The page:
Atomic Radiation and Mental Health

The average level of radiation to which inhabitants of the beautiful city of Denver  are exposed is .9 rem (zero point nine). The level of radiation in the hots spots around the damaged Fukushima nuclear reactor was .1 rem (zero point one).  Yes, it’s nine times lower near Fukushima than in Denver.

Denver residents concerned about the effects exposure to radiation have on their health should evidently have moved to the Japanese hot spots for greater safety, it seems to me. I hear the price of real estate plummeted in that area.

The first paragraph is drawn from “The Panic Over Fukushima” in the Review section of the Wall Street Journal of August 18 – 19 2012. The article is by Richard Muller, PhD,  a Professor of Physics at the University of California, Berkeley. (But what does he know?)

The cynical deduction in the second paragraph is mine, of course. Here are more.

Shouldn’t alarmists employ their high capacity for panic in connection with large and certain killers of people such as road accidents and the myriads of illnesses that unwashed hands cause?

How difficult is it to understand that nuclear energy is the cheapest and the safest alternative to poisonous coal emissions and to “blood for oil”? Yes, it’s that simple.

What happened at Fukushima was exceptionally bad: A reactor was assailed by  a big earthquake followed by a tsunami. It was not built to withstand either. In other words, the worst happened. What does one do with the deeply fallacious “precautionary principle” when the worst happens and no catastrophe ensues? Is the precautionary principle immune to empirical testing? Is it theology by chance?

Suppose half of pregnant women in America started drinking a lot and the state their children’s health was undistinguishable from that of the offspring of the non-drinking half. Should the health warning on alcohol containers be maintained, then?

I suspect, only suspect, that there  are many among us who would say “yes.” That would not be their first response however. The first would be forceful evasiveness. Then, threatened with a big fine, for example, they would answer the question above in the affirmative.

I often think a large fraction of our population is insane. This is seldom discussed because there is safety in numbers, even safety from critical description.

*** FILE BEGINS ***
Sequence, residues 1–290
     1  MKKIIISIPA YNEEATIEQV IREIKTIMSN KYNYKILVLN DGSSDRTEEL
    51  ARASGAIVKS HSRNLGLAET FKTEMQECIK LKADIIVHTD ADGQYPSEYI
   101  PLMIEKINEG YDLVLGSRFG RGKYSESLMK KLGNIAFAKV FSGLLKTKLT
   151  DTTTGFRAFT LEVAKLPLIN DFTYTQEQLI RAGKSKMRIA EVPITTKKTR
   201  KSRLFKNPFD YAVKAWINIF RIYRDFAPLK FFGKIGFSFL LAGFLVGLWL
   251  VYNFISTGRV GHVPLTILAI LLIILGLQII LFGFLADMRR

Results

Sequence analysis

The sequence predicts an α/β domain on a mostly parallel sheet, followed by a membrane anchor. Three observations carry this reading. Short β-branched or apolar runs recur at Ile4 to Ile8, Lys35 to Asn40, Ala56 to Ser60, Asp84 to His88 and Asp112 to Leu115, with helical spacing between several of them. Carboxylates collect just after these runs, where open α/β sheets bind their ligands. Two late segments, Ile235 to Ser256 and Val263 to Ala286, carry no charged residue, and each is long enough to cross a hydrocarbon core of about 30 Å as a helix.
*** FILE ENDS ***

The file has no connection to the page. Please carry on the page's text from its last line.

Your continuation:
3 thoughts on “Atomic Radiation and Mental Health

  1. I wouldn’t go so far as to label those people you discuss as alarmist, but I would buy that most of them are illiterate on the focal subject matter and most likely get their information from soundbites, or from experts on the order of Al Gore, or from chatting up friends who are like minded.because studying a field on their own is just too difficult. After all, they spent 12 years being fed propaganda and pushed up the latter simply for showing up for the required number of classes required to graduate high school. Under the circumstances it would be insane of us to expect the majority of them to open a book and pursue a topic on their own with intellectual integrity.

    Great, pithy article on alarmism and its catapulting extremism into the mainstream culture and thinking or what little thinking occurs anymore. It’s easier to point fingers or voice superstition or ignorance to excuse failure and much more pleasant to patiently stand in the “everyone gets a trophy line”. I’m a believer of the old adage that most people suck, which is most likely what angered Jefferson, Adams and Washington and Co. and drove them to shooting Brits. 🙂

  2. When the norm is insanity the sane are the ones labeled as insane by the insane. You’re only now starting to realize the vast majority of people are insane? Most people have no understanding of reason or rationale much less the ability to think and see reality, instead favouring their beliefs and the world inside their heads.

Please keep it civil

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